Ozymandias, the poem is written by P. B. Shelley. He is the same poet who married the author Mary Shelley. She wrote the cult classic Frankenstein.
The poem Ozymandias is pretty short in length. Don’t let it confuse you. It is an extremely complex and clever poem.
Short Bio of the Poet
Shelley was born on August 4, in the year 1792. Definitely, one of the most interesting poets that ever lived. It is really impossible to analyze his poem without talking about his life. Shelley is one of ‘The Romantics,’ and belonged to a very wealthy family.
He studied at Eton College and Oxford. Shelley had his whole future intact. He was to inherit his father’s legacy. However, things took a U-turn when he was expelled from his college for writing a paper in favor of atheism. He argued denying the existence of God.
The scandal did not stop for Shelley. He eloped to Scotland with Harriet Westbrook, daughter of a coffee house owner. She was 16 years old at that. Shelley was a wild one, soon he fell in love with Mary. He married Mary Shelley just three weeks after his first wife committed suicide (1816).
Percey was drowned in a sea in 1822 when he was sailing to Italy. He was only 29.
Percy Shelley was not very successful as a writer during his lifetime. Ironically, now he is associated with successful poets like Keats and Byron. Percy must not have imagined it in his wildest dreams. Byron sold as many as 10,000 copies of his poem in just one day.
Shelley wrote for himself alone. He was never interested in public and neither were they interested in him. Now, he is regarded as one of the finest poets ever.
Ozymandias Poem Background
Shelley was a pacifist and believed in non-violent protests. He was highly political and it is evident in his writing. Ozymandias, the poem, written during the reign of King George III. The poem is highly influenced by King George III. He was involved in military conflicts all around the world. Shelley hated that tyrannical monarchical government. Revolution was the only way out. He wanted to overthrow the despotic government.
King George III might be the inspiration for this poem.
What Is Romanticism?
Shelley belonged to the second generation of the Romantic poets. Romantic poetry contains a number of conventions such as:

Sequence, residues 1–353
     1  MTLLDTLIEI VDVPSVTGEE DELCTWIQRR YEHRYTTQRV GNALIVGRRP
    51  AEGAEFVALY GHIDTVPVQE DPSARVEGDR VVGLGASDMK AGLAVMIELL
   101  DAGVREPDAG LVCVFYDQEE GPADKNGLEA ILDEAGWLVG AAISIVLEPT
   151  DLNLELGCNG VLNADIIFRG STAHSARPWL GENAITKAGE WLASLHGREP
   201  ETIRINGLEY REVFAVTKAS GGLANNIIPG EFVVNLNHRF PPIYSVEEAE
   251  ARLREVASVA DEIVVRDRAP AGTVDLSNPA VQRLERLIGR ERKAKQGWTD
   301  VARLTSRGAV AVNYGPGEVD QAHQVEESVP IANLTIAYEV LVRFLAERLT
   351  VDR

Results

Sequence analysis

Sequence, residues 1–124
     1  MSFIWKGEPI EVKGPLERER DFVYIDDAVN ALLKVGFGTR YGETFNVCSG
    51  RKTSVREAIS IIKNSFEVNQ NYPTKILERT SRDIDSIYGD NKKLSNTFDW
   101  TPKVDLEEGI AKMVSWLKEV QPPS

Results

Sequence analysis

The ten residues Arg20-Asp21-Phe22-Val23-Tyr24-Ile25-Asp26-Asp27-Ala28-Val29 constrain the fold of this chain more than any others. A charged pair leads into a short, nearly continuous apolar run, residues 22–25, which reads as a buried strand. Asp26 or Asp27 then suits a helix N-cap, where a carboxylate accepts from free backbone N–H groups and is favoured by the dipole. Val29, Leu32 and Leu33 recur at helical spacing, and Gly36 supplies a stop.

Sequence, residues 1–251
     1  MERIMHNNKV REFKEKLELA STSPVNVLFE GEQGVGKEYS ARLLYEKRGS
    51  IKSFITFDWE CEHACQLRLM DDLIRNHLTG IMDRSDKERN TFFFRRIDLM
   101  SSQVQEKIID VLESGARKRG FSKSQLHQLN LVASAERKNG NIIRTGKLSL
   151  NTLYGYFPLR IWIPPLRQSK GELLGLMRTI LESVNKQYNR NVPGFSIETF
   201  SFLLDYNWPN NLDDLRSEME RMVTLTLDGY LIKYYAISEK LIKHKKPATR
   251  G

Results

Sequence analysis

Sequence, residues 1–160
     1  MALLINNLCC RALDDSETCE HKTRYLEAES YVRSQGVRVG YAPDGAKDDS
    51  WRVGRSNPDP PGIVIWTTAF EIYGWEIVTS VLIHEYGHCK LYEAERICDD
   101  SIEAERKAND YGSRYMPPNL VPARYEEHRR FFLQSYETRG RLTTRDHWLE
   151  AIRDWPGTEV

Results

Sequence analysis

- A dislike of urban/city life.
- Huge inclination towards nature and country life.
- The sheer love of the supernatural.
- Usage of non-flowery ordinary language.
William Wordsworth and Coleridge are the early Romantics. By the time Shelley came into the picture, the early romantics had lost their value. They were also largely sold out. Wordsworth was working as a taxman during Shelley’s time.
The second set of romantics needed to disengage themselves from the earlier ones. So, Shelley, Keats, and Byron inculcated foreign lands and antiquity as their poetry setting. The settings of the romantic poems are mostly foreign lands in the past.
Theme and Setting
The poem is set in a foreign land. It refers to the period of ancient history. The poem is against religion and political control. The language of the poem is very rich. It is full of metaphors and classical illusion.
Rameses II, the Egyptian pharaoh is Ozymandias. He ruled from 1279 to 1213 BC. Many scholars uphold that he was the ruler of Egypt during the great biblical Exodus of Moses. He led many wars to protect Egypt and also to extend its borders. His active military occupancy makes him very similar to King George III.
Shelley might have deliberately used this character due to his stark resemblance to King George III.
Ozymandias by P. B. Shelley
I met a traveller from an antique land,
Who said— “Two vast and trunkless legs of stone
Stand in the desert. . . . Near them, on the sand,
Half sunk a shattered visage lies, whose frown,
And wrinkled lip, and sneer of cold command,
Tell that its sculptor well those passions read
Which yet survive, stamped on these lifeless things,
The hand that mocked them, and the heart that fed;
And on the pedestal, these words appear:
My name is Ozymandias, King of Kings;
Look on my Works, ye Mighty, and despair!
Nothing beside remains. Round the decay
Of that colossal Wreck, boundless and bare
The lone and level sands stretch far away.”
Structure or Form
Ozymandias is a sonnet. It is metered in iambic pentameter. The octave poses questions and sestet answers the questions offered in the octave. Despite the fact that it is a 14-line sonnet, the poet breaks from the typical sonnet tradition, both in form and rhyme scheme. This tactic unravels Shelley’s inclination toward challenging traditions and norms, both political and poetic.
In this poem, the poet narrates the crumbling state of Ozymandias’ statute. This way, he portrays the impermanence of political power and praises the power of art in preserving the past.
Summary of Ozymandias
The speaker talks of meeting a traveler “from an antique land,” who told him about the remnants of a statue in the desert belonging to his native country. He recalls that two huge stone legs without a trunk/ body stand in the desert. Near the legs, there lies the head of the statue which carries a frown. The facial expressions of the statue carry a frown and wrinkled lip, forming sneer and cold command. The sculptor knows the expressions well. This is why he etched the expressions in such a manner it became a part of it even in its lifelessness/ ruins. The memory of those emotions lives “stamped” on the inanimate statue, although both the sculptor and his subject are long dead.
On the pedestal, these lines are inscribed “My name is Ozymandias, king of kings: / Look on my works, ye Mighty, and despair!” There is nothing else in the area except the decaying ruin of the statue. Only the “lone and level sands,” stretching into the distance.